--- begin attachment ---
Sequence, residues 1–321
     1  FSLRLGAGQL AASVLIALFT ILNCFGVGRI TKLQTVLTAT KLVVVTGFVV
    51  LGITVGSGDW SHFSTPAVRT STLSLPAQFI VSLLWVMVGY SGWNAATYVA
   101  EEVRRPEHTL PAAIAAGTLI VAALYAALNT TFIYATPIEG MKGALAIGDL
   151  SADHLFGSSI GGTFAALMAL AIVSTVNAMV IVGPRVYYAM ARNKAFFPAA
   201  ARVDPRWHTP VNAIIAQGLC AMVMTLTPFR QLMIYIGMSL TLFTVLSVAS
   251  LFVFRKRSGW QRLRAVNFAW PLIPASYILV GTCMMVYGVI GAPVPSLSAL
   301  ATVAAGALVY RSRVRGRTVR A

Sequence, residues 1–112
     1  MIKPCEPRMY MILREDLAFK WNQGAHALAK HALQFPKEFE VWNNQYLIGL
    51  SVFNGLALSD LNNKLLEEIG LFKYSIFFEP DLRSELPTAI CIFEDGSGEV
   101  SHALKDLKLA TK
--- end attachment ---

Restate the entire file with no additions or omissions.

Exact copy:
Sequence, residues 1–321
     1  FSLRLGAGQL AASVLIALFT ILNCFGVGRI TKLQTVLTAT KLVVVTGFVV
    51  LGITVGSGDW SHFSTPAVRT STLSLPAQFI VSLLWVMVGY SGWNAATYVA
   101  EEVRRPEHTL PAAIAAGTLI VAALYAALNT TFIYATPIEG MKGALAIGDL
   151  SADHLFGSSI GGTFAALMAL AIVSTVNAMV IVGPRVYYAM ARNKAFFPAA
   201  ARVDPRWHTP VNAIIAQGLC AMVMTLTPFR QLMIYIGMSL TLFTVLSVAS
   251  LFVFRKRSGW QRLRAVNFAW PLIPASYILV GTCMMVYGVI GAPVPSLSAL
   301  ATVAAGALVY RSRVRGRTVR A

Sequence, residues 1–112
     1  MIKPCEPRMY MILREDLAFK WNQGAHALAK HALQFPKEFE VWNNQYLIGL
    51  SVFNGLALSD LNNKLLEEIG LFKYSIFFEP DLRSELPTAI CIFEDGSGEV
   101  SHALKDLKLA TK